The Ngorongoro Conservation Area is best known for the Ngorongoro Crater: declared a UNESCO World Heritage Site in 1979, it is one of the largest inactive volcanic craters, intact and not covered by water; it is thought to have formed about two and a half million years after an eruption that collapsed the top of the volcano inwards. The crater is a kind of immense natural zoo, an earthly paradise that houses, in a relatively narrow and well-delimited area, an incredible concentration of wildlife including all the big five, including the black rhinoceros. The crater of Ngorongoro is a unique jewel also for the breathtaking views from the rim of the crater towards the valley, a savannah of tall and low grasses dotted with swamps, glades and lakes, surrounded by woods and acacia forests.
The Ngorongoro Conservation Area is much larger than the crater. Rich in historical and cultural attractions, it stretches between the Rift Valley and the Serengeti, whose ecosystem is part. Characterized by a wide variety of habitats, ranging from grassy plains and savannahs, forests and lakes, volcanic mountains and craters, lakes and rivers, has a charm that goes even beyond the incredible wealth of wildlife and the wonder of its landscapes, because here the history of humanity originates, well witnessed by archaeological sites of extraordinary importance: Olduvai Gorge, where remains of hominids from 2.1 million years ago were found, and Laetoli, where hominid traces date back to 3.6 million years ago.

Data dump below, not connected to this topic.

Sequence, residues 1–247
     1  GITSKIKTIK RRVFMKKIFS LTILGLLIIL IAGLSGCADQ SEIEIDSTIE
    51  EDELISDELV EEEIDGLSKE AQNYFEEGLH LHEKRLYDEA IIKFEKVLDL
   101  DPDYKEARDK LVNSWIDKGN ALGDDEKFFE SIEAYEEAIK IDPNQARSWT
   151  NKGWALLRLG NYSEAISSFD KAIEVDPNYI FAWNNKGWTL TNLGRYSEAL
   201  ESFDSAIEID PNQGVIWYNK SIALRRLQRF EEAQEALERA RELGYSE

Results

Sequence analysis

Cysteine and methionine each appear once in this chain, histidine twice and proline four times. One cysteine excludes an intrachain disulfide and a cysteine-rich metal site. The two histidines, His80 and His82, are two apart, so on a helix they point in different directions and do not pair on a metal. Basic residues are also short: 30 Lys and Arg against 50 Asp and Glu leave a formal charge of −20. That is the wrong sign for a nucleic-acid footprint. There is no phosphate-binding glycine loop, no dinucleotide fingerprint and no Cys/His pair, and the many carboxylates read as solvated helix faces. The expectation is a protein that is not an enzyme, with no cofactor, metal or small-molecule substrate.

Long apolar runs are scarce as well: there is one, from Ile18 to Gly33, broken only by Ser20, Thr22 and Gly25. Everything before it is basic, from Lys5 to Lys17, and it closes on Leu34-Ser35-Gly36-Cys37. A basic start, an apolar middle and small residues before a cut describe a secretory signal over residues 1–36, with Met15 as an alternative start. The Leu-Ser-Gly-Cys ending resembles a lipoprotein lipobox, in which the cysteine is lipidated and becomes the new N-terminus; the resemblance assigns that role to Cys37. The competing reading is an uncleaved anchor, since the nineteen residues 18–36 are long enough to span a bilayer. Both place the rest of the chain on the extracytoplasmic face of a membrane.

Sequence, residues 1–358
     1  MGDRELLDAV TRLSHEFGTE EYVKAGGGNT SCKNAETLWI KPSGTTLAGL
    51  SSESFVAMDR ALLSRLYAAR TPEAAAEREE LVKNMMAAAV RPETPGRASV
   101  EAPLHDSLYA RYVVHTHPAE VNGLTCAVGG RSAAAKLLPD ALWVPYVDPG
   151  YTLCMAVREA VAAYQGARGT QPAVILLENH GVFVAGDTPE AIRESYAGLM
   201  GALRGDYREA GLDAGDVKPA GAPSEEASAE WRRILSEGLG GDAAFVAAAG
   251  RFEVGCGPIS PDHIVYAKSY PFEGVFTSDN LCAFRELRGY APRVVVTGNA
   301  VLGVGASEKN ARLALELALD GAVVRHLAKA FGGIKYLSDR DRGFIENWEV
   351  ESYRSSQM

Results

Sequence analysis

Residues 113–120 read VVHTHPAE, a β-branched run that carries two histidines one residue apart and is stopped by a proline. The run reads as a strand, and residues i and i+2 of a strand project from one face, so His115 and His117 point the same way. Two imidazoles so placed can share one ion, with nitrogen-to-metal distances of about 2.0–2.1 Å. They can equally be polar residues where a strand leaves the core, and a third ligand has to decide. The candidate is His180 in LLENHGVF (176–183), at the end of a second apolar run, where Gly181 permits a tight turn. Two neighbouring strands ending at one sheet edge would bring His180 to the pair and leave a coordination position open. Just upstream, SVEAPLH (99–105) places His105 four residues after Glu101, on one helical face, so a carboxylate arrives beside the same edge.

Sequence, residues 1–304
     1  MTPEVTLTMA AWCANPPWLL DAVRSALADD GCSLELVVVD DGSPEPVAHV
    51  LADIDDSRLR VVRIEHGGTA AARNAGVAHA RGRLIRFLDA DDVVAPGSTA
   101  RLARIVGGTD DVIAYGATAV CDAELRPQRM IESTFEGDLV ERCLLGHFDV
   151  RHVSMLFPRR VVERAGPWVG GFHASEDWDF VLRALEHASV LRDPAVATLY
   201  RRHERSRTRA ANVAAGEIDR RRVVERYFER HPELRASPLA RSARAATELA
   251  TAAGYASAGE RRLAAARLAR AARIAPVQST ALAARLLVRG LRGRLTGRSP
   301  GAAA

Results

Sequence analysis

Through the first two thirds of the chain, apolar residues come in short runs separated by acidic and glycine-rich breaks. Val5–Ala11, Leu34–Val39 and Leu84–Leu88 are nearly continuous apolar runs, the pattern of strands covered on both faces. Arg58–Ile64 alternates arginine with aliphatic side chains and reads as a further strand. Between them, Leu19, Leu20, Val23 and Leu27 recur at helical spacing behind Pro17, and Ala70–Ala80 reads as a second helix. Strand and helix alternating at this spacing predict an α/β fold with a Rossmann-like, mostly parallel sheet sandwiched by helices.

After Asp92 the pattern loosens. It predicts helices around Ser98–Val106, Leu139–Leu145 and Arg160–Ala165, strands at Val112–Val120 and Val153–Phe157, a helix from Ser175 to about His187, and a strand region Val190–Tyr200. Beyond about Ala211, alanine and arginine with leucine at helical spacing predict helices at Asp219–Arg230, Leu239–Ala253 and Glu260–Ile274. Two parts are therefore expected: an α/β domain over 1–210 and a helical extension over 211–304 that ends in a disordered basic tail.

In the area, a Man and Biosphere Reserve since 1971, unique in all Africa for the integration between conservation of natural resources and protection of the local populations traditionally present, also live many masai in their traditional boma, to complete the picture of a territory in which the fascination of the entire African continent seems to be enclosed!